I've spoken briefly about the show elsewhere: I recommended the “Treats” episode once upon a time in a Medium post nobody read. Everything I said there still stands. Nothing beats friends having a podcast because you can't fake that kind of warmth and camaraderie (it's also, as some have pointed out, a competitive advantage). And the format is unique in that it enables everyone involved to get granular and dorky about what they like, which is 100% my jam.

The most recent episode, the excellently-titled “Songs That, When They Come On, You’re Like 90% Ready to Fight Someone” is kind of atypical. It starts off with an extended shout out to the fanbase for helping a fellow AFE listener in Indiana pay for a new wheelchair. It's all quite touching and very, very heartening. Now, Karmel refers to himself and regular guests/fan favourites David Gborie (who has one of the best laughs in podcasting) and Sean Jordan (South Dakota's greatest cultural ambassador) as the Good Vibes Gang, and it's a title they earn. They cultivate them on the show, and they foster them among the fanbase. Their joy is completely devoid of irony. They have introduced me to some ridiculously funny individuals (shout out to “Hawaiian Getaway” Zak Toscani, “Sugar” Shane Torres, Nicole Dyer, Eliza Skinner, Amy Miller, and Mike Mulloy). All Fantasy Everything is a net positive in my day-to-day, and a hilarious, ebullient bright spot in my podcast feed. Long may they run.

And while I'm at it, here are my top five songs that, when they come on, I'm like 90% ready to fight someone:

Actually the first four would all make great ring entrance songs too.

#podcasts #music

The Cosmic Baseball Association was one of my more esoteric online haunts when I was a teenager. I spent a good chunk of time in the late 1990s and early 2000s acting as the Coover-esque commissioner of dozens of fantasy sports leagues of my own creation. Not fantasy sports in the common sense, with drafts and real players and silly team names. But leagues cut from whole cloth, seasons simulated with the roll of a die, or the throw of a dart (shout out to long-departed Emergency League!, a similarly cosmic baseball darts league whose players were, among other, cartoons and creatures of myth).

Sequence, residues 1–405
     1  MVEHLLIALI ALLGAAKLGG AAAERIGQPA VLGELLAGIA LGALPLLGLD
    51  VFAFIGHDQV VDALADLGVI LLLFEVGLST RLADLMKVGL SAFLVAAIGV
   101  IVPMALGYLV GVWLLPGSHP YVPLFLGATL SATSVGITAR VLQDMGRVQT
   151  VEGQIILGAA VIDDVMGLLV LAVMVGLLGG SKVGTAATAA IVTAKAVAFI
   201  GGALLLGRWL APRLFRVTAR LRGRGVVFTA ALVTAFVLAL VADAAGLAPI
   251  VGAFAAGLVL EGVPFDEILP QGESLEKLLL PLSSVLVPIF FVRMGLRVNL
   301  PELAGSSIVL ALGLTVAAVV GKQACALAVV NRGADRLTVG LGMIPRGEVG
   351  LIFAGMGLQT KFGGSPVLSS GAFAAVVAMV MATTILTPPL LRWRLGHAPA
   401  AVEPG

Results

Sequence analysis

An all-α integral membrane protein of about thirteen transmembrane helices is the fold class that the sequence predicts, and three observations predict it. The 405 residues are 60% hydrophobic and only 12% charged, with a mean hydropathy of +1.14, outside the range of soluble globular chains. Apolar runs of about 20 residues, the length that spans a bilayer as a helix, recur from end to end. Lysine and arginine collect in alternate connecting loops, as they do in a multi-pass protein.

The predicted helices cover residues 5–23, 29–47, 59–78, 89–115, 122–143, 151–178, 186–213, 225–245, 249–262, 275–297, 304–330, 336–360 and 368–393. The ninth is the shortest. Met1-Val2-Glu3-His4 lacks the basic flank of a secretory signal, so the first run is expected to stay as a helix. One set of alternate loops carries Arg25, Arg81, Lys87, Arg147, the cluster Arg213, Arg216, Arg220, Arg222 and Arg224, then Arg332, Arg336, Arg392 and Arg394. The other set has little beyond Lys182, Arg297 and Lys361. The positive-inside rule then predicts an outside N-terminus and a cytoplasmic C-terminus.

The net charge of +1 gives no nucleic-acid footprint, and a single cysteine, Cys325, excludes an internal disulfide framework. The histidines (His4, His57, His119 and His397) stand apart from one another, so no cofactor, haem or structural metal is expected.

The CBA (whose web site is still gloriously Web 1.0) is the heady, literary version of the ledger-and-graph paper operations I ran in my youth. It's the brainchild of Andrew Lampert, who created the league during the 1981 MLB players' strike because of his “rising dissatisfaction with reality baseball.”

Major League Baseball was corrupt and ubiquitous greed had soured the sport; but not its myths. These myths buried in a myriad of traditions became the inspiration for the creation of “cosmic baseball.” [x]

Professional sport has deep lore, and baseball's, America's game, is especially potent. When you divorce the mechanics of the sport from reality, what you're left with is a new medium through which stories are told. When you plug in the detritus of culture through this unique storytelling device, poetry emerges. Sure, it might just be a goof that The Twilight Zone beat Black Mirror 5-4 in a exhibition game this past February. But it's fun to think of in a, erm, cosmic sense: maybe we've already been here before, our hang-ups and obsessions and fears the same as they were last time we were under the thumb of Armageddon. It's for this same reason I'm incredibly fond of Jon Bois' work: statistics become poetry. Advanced metrics, box scores and spreadsheets invite new ways to think about the world beyond the stadium.

Last week, the CBA played its annual Jack Kerouac Memorial Game, this time pitting key figures in the writer's life against some of his characters. In addition to the roster and boxscore, the game's page is sprinkled with links to articles and interview, both fondly remembering the man and decrying his work as misogynistic piddle. In true CBA style, the components are laid bare. The story is ours to weave. Per the game's intro: